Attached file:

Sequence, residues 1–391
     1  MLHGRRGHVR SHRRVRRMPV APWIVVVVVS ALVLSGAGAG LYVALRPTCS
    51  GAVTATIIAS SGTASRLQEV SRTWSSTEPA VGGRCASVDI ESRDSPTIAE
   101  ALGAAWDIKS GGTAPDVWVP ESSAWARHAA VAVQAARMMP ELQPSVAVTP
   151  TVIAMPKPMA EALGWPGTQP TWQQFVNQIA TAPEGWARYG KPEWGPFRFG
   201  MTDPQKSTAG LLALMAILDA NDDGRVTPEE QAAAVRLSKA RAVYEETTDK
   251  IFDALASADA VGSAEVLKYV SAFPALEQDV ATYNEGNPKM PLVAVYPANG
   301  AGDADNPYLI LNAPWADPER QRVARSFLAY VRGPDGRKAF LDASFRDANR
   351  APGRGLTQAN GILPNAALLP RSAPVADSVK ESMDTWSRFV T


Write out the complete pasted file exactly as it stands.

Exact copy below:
Sequence, residues 1–391
     1  MLHGRRGHVR SHRRVRRMPV APWIVVVVVS ALVLSGAGAG LYVALRPTCS
    51  GAVTATIIAS SGTASRLQEV SRTWSSTEPA VGGRCASVDI ESRDSPTIAE
   101  ALGAAWDIKS GGTAPDVWVP ESSAWARHAA VAVQAARMMP ELQPSVAVTP
   151  TVIAMPKPMA EALGWPGTQP TWQQFVNQIA TAPEGWARYG KPEWGPFRFG
   201  MTDPQKSTAG LLALMAILDA NDDGRVTPEE QAAAVRLSKA RAVYEETTDK
   251  IFDALASADA VGSAEVLKYV SAFPALEQDV ATYNEGNPKM PLVAVYPANG
   301  AGDADNPYLI LNAPWADPER QRVARSFLAY VRGPDGRKAF LDASFRDANR
   351  APGRGLTQAN GILPNAALLP RSAPVADSVK ESMDTWSRFV T